In November, 2012, Californians passed Proposition 35, the Californians Against Sexual Exploitation Act. It was passed by one of the widest margins for any proposition in California history. Eighty One percent of those Californians that voted supported the proposition. However, on the day that the proposition became law, a class action lawsuit was filed by the ACLU and others, claiming that parts of the law are unconstitutional. On January 11, 2013 in San Francisco, United States District Court Judge Thelton Henderson agreed with the ACLU and blocked the implementation of portions of the law by way of a preliminary injunction. The preliminary injunction will remain in effect until a trial is held to determine whether there should be a permanent injunction issued. A trial date has not yet been scheduled.
Proposition 35 dramatically increases the reporting requirements for all existing California registered sex offenders and added, for the first time, people convicted of human trafficking to those required to register. Under the law, over 75,000 registered sex offenders would have to register all internet identifiers and service providers they currently use as well as report any changes to these within 24 hours. Identifiers include all login ID's, passwords, social network accounts, email addresses, and user names. Under the law, a violation of these reporting requirements is punishable by up to 3 years in prison. These requirements continue for as long as the person is a registered sex offender, in most cases for life, and are required whether the original offense was related to internet use or not.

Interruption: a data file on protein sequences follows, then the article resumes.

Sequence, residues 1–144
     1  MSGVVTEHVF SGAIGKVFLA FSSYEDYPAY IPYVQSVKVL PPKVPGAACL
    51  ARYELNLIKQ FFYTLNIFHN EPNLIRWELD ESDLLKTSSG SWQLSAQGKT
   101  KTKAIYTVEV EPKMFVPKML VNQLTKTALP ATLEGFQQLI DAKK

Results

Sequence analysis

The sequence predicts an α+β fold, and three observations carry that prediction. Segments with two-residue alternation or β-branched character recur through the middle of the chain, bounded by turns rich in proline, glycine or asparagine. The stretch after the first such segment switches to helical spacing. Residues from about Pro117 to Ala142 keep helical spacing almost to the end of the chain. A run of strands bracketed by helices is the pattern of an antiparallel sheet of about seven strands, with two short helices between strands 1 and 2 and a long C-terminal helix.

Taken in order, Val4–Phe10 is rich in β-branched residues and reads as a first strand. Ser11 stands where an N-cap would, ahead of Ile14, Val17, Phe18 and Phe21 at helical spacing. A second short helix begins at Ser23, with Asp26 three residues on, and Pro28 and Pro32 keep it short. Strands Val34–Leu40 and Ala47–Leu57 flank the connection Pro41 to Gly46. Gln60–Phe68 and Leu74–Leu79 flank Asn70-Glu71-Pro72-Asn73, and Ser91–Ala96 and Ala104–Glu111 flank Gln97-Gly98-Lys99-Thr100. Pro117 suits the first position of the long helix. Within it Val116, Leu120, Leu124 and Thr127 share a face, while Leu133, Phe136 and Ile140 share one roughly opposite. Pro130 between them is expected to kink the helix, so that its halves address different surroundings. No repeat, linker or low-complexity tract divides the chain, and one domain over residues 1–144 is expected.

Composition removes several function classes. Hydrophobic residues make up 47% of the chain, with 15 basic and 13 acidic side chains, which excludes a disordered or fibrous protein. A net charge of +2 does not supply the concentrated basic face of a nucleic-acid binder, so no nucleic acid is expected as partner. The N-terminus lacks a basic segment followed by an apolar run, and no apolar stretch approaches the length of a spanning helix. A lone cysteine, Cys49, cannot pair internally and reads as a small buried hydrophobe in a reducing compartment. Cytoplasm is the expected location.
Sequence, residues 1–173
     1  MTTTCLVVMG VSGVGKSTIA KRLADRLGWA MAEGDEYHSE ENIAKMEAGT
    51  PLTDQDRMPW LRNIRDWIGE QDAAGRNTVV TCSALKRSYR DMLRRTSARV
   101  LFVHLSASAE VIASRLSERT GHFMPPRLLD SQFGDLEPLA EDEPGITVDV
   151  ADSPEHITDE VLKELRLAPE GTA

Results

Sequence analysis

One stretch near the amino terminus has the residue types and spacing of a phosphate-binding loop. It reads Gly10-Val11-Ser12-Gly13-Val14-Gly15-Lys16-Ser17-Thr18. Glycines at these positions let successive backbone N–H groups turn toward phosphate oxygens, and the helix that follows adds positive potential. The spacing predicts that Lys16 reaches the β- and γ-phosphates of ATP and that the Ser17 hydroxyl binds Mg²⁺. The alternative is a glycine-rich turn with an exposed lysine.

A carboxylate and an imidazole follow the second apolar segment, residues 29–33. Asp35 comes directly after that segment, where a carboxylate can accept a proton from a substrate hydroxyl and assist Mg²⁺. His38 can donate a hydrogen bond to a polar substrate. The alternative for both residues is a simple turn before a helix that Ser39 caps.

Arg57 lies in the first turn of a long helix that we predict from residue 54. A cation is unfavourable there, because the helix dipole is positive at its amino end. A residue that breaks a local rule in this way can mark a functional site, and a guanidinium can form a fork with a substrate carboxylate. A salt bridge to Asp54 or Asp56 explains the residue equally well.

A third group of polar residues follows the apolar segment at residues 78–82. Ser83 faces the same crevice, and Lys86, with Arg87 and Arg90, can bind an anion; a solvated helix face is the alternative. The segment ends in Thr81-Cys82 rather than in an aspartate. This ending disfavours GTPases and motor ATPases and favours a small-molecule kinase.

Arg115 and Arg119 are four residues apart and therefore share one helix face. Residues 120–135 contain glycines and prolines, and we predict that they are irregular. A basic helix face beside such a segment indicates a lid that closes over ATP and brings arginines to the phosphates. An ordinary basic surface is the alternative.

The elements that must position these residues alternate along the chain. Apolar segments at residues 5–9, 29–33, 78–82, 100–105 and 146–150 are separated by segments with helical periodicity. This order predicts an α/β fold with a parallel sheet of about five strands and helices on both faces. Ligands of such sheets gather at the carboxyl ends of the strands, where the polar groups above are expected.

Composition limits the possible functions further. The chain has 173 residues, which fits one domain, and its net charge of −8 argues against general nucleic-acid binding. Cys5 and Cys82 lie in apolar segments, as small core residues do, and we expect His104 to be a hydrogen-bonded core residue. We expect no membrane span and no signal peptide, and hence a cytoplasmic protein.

Judge Henderson stated that, although the State of California had a legitimate interest in protecting people from online sex crimes and human trafficking, the State actions limiting First Amendmentfree speech rights must be narrowly tailored to accomplish that interest. Henderson found that the requirements of Proposition 35 were overly broad and violate the sex offenders' free speech rights.The law would require registered sex offenders to disclose all internet activity including online public forums, online banking, even restaurant reservations. Henderson wrote, “Registrants are likely to be chilled from engaging in legitimate public, political and civic communications for fear of losing their anonymity.” “[A]nonymity”, he went on to say, “is a shield from the tyranny of the majority [and the plaintiffs] enjoy no lesser right to anonymous speech simply because they are unpopular.”
Proponents of the law have vowed to fight the preliminary injunction at trial.